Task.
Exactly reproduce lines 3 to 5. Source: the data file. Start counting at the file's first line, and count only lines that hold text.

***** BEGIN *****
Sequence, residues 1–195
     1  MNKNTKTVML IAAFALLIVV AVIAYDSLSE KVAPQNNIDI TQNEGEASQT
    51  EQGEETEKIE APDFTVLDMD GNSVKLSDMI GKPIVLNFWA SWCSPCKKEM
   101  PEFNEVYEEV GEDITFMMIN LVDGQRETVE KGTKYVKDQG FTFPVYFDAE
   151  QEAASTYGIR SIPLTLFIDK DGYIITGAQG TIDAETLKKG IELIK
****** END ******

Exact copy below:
    51  EQGEETEKIE APDFTVLDMD GNSVKLSDMI GKPIVLNFWA SWCSPCKKEM
   101  PEFNEVYEEV GEDITFMMIN LVDGQRETVE KGTKYVKDQG FTFPVYFDAE
   151  QEAASTYGIR SIPLTLFIDK DGYIITGAQG TIDAETLKKG IELIK